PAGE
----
The employer asserted that the employee violated a number of work rules by his actions. The employer asserted that in distributing the letter he intentionally hindered production. However, while workers may have taken a few moments to read over the letter, the evidence does not indicate either that the employee intended to hinder production, or that production was hindered. The employee distributed the letter because he needed the support of his co-workers in order to take his grievance to arbitration.
The employer asserted that the contents of the letter violated its rules against threatening/intimidating a fellow worker, using abusive language, and harassment. The letter was meant to be the employee's statement at a grievance hearing. One may expect such a statement to be critical of both management and union representatives. The employee was not "harassing" the company or any other worker/union representative. He was stating, albeit intemperately, his dissatisfaction with the company, the union and union representatives. In referring to the chief union steward as a "good Negro" the employee, a self- proclaimed "Defiant African," was admittedly using a condescending term. The employee's statement that "if" the employer considered the chief union steward to be an example of a "good Negro" he would "tear him apart," in the context of the letter, was not intended to be and cannot reasonably be interpreted as a threat of physical violence. The employee was attacking the chief union steward's competence and credibility.
Finally, the employer asserted that the employee was insubordinate when he left the work place on July 22. However, the employee had not received advance notice that a meeting would be held, that he would not be permitted to punch in, or that he would be paid for the time he waited. The employee did contact his supervisor, but was merely told that the supervisor could not allow him to work. The employee did not simply leave after waiting 30 minutes, he contacted his supervisor and informed his supervisor that he was leaving. The employee did not hear the employer calling him to return.
The commission does not determine whether the employer could or should discharge a worker. The commission's function is to determine, once a discharge has occurred, whether the employee's discharge was for misconduct connected with the employee's employment. In this case, the employer had valid reasons for discharging the employee, but after considering the record as a whole, the commission concludes that the employee's discharge was not for conduct that demonstrated a willful and intentional disregard of the employer's interests.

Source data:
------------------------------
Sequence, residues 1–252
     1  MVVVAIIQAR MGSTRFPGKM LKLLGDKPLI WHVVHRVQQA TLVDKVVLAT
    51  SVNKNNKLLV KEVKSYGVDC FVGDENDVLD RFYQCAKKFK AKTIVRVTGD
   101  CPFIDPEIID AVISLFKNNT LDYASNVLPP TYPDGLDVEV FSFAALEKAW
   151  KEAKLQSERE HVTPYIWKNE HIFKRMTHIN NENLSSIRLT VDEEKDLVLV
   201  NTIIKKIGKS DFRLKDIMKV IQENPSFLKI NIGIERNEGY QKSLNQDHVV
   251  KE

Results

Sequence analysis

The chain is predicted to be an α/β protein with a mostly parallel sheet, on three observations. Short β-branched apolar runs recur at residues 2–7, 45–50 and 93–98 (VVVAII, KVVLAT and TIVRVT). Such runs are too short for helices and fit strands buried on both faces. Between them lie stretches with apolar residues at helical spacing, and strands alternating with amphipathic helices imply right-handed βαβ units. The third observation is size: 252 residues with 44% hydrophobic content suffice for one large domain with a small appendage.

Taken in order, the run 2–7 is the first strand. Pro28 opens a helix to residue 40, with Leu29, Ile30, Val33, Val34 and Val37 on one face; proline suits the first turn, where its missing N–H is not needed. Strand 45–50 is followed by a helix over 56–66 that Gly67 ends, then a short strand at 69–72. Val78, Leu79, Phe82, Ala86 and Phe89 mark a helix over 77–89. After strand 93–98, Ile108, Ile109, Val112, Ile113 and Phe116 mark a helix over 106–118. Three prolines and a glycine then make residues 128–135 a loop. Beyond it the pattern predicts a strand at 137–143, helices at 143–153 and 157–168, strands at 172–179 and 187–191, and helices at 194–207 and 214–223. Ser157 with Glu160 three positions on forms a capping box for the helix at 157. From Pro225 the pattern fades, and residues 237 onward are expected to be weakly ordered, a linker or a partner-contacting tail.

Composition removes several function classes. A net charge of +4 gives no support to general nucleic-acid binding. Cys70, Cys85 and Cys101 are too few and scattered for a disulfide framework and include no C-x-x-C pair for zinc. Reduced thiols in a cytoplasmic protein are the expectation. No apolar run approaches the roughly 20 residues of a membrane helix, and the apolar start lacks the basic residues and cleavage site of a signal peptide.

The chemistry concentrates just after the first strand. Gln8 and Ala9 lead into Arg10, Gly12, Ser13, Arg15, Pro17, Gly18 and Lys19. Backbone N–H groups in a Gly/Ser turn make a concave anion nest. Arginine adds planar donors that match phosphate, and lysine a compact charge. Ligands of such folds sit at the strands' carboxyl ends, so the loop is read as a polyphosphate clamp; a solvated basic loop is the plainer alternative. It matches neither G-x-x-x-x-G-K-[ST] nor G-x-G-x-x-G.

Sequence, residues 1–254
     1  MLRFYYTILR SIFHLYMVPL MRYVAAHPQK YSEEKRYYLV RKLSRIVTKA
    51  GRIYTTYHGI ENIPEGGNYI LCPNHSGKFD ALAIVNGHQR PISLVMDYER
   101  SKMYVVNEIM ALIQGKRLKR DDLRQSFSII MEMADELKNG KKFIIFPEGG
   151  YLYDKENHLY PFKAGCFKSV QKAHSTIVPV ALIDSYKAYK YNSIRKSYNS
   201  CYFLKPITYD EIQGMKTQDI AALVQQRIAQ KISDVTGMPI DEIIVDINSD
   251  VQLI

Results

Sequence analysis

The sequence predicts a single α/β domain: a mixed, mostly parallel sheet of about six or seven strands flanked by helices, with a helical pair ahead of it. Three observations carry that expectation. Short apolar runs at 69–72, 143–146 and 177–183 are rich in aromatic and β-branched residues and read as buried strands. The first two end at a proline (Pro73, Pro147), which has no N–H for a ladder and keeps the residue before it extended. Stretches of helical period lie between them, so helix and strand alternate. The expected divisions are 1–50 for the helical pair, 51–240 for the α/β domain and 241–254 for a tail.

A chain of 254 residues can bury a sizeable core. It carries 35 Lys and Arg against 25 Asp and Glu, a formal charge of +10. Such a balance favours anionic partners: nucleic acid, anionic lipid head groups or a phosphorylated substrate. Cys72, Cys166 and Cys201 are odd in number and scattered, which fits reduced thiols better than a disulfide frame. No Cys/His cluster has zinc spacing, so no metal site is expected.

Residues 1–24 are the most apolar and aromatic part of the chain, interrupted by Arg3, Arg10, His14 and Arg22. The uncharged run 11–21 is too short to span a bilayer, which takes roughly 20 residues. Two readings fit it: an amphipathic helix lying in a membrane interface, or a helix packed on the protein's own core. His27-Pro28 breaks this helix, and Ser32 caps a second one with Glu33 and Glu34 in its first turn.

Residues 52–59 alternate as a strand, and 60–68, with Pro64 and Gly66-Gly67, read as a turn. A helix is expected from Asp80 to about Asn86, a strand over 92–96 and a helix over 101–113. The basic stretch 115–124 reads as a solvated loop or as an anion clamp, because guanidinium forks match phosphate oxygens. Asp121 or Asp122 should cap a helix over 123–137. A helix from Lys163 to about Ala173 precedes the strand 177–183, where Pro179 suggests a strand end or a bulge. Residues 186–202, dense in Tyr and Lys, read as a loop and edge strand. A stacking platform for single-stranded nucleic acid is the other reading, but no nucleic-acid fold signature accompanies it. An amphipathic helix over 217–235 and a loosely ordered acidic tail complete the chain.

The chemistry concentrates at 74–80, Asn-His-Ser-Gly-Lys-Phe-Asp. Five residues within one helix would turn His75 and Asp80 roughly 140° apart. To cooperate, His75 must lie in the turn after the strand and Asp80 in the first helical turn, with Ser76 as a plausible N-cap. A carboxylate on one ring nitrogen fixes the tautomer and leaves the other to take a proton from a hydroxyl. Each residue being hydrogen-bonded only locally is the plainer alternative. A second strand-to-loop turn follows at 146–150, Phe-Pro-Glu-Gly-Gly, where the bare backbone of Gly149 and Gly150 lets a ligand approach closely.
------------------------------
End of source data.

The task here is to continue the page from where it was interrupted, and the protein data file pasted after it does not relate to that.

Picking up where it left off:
The commission therefore finds that in week 30 of 2003, the employee was discharged but not for misconduct connected with his work for the employer within the meaning of Wis. Stat. § 108.04(5).
The decision of the administrative law judge is reversed. Accordingly, the employee is eligible for benefits beginning in week 30 of 2003, if he is otherwise qualified.
Dated and mailed June 17, 2004
arvinhe . urr : 132 : 1 : MC 640.03 MC 640.06 MC 668
/s/ James T. Flynn, Chairman
/s/ Robert Glaser, Commissioner
The commission did consult with the ALJ who presided at the hearing regarding his impressions of witness credibility and demeanor. The ALJ indicated that the employee did not have any credibility. The ALJ did not relay any observations regarding the demeanor of the employee that led to his credibility assessment. After reviewing the record the commission has arrived at a different assessment of the employee's credibility.
DAVID B. FALSTAD, Commissioner, (dissenting):
I respectfully dissent from the majority opinion in this case. I believe the employer reasonably considered the employee's statement to constitute a threat against another worker. The employer gave the employee two opportunities to explain the letter. The employee did not clarify his words when given the opportunity to do so.
The employee was scheduled to work on July 22, and had only waited 15 minutes after his scheduled starting time. Given the circumstances, it should have been evident to the employee that he was being asked to wait because the employer wanted to discuss the matter with him. While the employee announced to his supervisor that he was leaving, he did not give the supervisor a chance to respond to the fact that he had not been allowed to punch in. Indeed, the delay was not caused by the employer but by the union. It was the employee's conduct in distributing a letter in which he accused management of being, among other things, lying, incompetent, racists, hypocrites, that led to the need to meet with the employee and his union. As such, it was hypocritical of the employee to take such alleged umbrage at waiting 15 minutes after his scheduled starting time.
I agree with the ALJ that the totality of the employee's actions evinced a wilful and substantial disregard for the employer's interests such as to be deemed misconduct connected with his work.
/s/ David B. Falstad, Commissioner
Attorney Arthur Heitzer
Attorney Joy M. Burkholder
Appealed to Circuit Court. Affirmed January 25, 2005. [Summary of circuit court decision]
[ Search UC Decisions ] - [ UC Digest - Main Index ] - [ UC Legal Resources ] - [ LIRC Home Page ]